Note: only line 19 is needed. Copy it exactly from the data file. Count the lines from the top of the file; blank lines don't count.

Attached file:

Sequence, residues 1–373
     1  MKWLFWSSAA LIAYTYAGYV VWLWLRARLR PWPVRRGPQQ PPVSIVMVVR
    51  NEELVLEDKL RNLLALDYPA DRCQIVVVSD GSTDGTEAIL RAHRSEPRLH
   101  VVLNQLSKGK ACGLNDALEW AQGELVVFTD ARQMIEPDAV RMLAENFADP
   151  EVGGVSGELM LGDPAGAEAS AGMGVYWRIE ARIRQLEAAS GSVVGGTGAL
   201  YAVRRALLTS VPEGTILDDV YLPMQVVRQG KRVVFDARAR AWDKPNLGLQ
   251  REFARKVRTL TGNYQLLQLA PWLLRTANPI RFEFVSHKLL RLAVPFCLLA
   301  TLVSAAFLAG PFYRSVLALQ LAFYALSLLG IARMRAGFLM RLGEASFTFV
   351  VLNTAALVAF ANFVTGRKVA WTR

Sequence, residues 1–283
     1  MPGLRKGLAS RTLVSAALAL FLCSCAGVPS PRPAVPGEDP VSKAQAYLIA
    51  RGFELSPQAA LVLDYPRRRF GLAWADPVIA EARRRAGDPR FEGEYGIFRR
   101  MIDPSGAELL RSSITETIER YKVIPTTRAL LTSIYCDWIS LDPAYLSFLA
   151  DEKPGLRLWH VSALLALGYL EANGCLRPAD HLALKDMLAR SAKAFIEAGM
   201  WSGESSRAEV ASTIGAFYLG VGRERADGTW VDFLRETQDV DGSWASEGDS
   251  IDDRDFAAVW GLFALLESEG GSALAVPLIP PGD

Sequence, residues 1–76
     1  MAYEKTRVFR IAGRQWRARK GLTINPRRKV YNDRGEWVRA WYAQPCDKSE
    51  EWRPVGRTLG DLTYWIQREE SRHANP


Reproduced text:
    51  EWRPVGRTLG DLTYWIQREE SRHANP